The Cat's Meow (2001)

reviewed by
David N. Butterworth

A film review by David N. Butterworth
Copyright 2002 David N. Butterworth
**1/2 (out of ****)

`The Cat's Meow' is a murder mystery-styled period piece set aboard a private yacht. The period is the mid-1920s (November 1924 to be precise) and the yacht in question--more like a small-scale replica of an ocean-going luxury liner--belongs to one William Randolph Hearst, W.R. to his friends, one of the most successful media tycoons the world has ever known (for a quick bio rent a copy of `Citizen Kane' tonight!).

The murder mystery, as it turns out, is not a fanciful contrivance in that Big Cast stuck in One Place mold (rent a copy of `Gosford Park' tomorrow night!) but a true-life event that took place over one fateful weekend, when Hearst sailed a boatload of movers and shakers out from San Pedro Harbor for a couple of days of fun and frolic and returned with one passenger less. What's intriguing about the mystery (and, to a lesser extent, Peter Bogdanovich's adaptation of Seven Peros's play about the mystery) is that the crime was never officially solved: only one of the ship's crew was ever interviewed by police; everything else was pretty much hushed up.

Among Hearst's invited partygoers is his mistress, actress Marion Davies (Kirsten Dunst, currently playing opposite the arachnid to beat at the box office, `Spider-Man'); Charlie Chaplin (yes The Charlie Chaplin–remember this is based on a true story) who, to keep things interesting, is also in love with Ms. Davies; British writer Elinor Glyn (`Ab Fab's Joanna Lumley); columnist Loella Parsons (Jennifer Tilly doing her squeaky `charmed I'm sure' bit); and a failing filmmaker who's scheming to forge a movie-producing partnership with W.R. Cary Elwes plays the ill-fated producer Thomas Ince and Edward Herrmann (from those interminable Dodge Durango TV commercials) plays Hearst with single-minded pomposity--broad strokes, big cheeks, bluff and bluster.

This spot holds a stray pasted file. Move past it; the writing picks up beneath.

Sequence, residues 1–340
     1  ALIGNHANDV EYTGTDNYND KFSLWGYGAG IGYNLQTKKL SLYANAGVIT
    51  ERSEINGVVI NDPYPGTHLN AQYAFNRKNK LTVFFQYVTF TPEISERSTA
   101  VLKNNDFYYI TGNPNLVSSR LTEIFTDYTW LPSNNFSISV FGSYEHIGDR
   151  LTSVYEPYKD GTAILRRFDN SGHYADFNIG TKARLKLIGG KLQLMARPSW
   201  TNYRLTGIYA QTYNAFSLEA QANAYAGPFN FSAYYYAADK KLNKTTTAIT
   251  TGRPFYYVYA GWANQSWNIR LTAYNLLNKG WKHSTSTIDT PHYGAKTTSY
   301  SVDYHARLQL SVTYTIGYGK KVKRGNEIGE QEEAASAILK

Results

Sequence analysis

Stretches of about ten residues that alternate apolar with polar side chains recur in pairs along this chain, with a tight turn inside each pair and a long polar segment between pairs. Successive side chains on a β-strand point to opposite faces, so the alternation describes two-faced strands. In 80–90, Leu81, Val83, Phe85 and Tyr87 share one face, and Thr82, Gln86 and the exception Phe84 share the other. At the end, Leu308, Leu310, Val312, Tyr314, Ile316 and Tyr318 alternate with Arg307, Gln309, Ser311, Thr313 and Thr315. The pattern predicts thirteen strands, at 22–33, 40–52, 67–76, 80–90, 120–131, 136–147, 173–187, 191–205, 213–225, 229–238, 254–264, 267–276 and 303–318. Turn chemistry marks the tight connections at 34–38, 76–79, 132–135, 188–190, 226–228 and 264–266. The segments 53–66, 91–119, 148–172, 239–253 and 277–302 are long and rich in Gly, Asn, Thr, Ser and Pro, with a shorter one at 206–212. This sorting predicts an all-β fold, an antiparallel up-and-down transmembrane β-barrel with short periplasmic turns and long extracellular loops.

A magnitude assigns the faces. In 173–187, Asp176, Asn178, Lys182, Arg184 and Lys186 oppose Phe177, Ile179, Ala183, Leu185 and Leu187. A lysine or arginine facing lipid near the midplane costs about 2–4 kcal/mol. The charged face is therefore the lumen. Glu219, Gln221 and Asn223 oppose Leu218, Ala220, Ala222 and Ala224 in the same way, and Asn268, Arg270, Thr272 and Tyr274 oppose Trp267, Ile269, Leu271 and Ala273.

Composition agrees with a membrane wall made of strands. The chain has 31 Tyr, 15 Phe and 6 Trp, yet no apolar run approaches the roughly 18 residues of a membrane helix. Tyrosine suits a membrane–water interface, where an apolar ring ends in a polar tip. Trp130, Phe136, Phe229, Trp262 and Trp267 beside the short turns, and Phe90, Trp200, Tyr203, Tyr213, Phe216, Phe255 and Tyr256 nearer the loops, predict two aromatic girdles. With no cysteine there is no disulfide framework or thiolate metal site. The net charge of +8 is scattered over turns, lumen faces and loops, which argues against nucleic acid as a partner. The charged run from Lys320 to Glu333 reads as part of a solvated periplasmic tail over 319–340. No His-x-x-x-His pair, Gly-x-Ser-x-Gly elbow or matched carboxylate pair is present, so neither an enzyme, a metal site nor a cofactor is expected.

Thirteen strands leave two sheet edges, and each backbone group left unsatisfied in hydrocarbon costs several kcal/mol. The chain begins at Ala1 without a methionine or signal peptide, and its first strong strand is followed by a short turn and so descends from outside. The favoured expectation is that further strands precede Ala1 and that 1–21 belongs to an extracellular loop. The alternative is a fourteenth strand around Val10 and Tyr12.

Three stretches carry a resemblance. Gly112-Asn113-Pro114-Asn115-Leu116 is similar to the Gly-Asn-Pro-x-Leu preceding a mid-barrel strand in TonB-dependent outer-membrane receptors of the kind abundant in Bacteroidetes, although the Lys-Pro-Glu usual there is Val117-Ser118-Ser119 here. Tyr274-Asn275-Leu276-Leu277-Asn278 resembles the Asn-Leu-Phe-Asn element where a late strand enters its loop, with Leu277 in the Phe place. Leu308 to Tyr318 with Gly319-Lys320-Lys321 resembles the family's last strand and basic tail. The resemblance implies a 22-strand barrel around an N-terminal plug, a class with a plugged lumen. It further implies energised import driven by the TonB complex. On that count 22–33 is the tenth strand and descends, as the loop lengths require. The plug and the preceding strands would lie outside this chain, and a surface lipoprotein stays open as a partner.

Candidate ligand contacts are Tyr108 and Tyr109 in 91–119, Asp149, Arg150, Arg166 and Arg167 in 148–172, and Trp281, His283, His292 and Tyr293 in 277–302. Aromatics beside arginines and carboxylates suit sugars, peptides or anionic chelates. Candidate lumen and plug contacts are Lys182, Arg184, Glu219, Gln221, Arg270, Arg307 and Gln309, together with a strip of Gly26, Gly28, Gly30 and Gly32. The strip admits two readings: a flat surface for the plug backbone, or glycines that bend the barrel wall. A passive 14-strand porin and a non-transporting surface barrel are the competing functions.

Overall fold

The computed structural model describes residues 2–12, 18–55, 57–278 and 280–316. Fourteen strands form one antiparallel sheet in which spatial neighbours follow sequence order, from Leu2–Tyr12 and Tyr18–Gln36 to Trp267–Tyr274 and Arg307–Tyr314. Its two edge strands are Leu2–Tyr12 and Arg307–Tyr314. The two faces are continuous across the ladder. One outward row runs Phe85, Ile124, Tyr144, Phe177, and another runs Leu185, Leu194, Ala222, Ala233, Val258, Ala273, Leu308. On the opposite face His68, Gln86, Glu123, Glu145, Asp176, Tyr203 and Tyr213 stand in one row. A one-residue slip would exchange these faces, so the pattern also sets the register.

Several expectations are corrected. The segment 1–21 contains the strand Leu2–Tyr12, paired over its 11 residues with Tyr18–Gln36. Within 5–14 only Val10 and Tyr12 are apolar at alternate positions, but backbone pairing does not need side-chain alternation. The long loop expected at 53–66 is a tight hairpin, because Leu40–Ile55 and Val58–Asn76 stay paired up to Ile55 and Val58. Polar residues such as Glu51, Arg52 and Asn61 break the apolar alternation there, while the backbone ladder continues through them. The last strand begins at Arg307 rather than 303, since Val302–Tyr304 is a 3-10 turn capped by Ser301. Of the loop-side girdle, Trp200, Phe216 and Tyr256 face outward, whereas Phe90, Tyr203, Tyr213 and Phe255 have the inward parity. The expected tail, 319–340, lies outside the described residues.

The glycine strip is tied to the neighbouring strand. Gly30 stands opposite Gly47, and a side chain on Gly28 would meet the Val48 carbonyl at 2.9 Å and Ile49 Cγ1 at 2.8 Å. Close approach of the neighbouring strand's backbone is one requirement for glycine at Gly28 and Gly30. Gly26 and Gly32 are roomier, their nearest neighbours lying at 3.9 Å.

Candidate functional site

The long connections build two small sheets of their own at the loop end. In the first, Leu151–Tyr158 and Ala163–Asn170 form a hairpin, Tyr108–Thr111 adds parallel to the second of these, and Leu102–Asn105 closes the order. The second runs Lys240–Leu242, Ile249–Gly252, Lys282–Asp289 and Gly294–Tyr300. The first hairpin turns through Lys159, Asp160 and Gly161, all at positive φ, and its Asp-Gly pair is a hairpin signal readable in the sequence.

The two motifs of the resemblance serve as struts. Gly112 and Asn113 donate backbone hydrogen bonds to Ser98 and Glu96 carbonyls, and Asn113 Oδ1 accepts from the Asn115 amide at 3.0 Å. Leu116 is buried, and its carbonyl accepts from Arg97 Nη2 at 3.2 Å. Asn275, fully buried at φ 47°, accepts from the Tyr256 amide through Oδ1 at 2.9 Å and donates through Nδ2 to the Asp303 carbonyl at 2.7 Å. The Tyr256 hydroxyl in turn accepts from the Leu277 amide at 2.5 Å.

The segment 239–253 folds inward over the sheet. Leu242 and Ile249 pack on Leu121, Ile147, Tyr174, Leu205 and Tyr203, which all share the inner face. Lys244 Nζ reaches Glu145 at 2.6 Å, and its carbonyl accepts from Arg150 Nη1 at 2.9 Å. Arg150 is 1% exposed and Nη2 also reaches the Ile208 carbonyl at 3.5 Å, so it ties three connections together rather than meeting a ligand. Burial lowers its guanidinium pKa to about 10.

Dunst may be the `star' of the picture (actually, the cast is introduced in alphabetical order), but her character is one of the least interesting. Marion Davies comes across as slight; bubble-headed. There's little depth to her character and one wonders what Hearst, or Chaplin for that matter, see in her. As performed by Eddie Izzard, Chaplin is a more complex figure and therefore more deserving of our attention (although Robert Downey Jr. did a better job in Richard Attenborough's ambitious biopic from 1992). The rest of the characters--crooners and swooners, gossipmongers and scandalmongers--are a bright and animated lot but seemingly peripheral, appearing as decorations to the film's central construct, the plush plumage of over-stuffed turkeys gathering at a wake.

Director Bogdanovich, whose relationships with his leading ladies often mimic the unsettling Hearst/Davies and Davies/Chaplin dynamics, is better at establishing social mood than he is at delving into the psyches of his assembled guests. Part `The Great Gatsby,' part `The Imposters,' `The Cat's Meow' hobnobs from intriguing to farcical, from detailed to dull and back again, virtually avoiding all manner of bedroom dalliances in the process, as if it's too polite to comment on what goes on behind locked portholes. There's no pussyfooting around in establishing whodunnit, but that's probably the film's least interesting speculation.

David N. Butterworth

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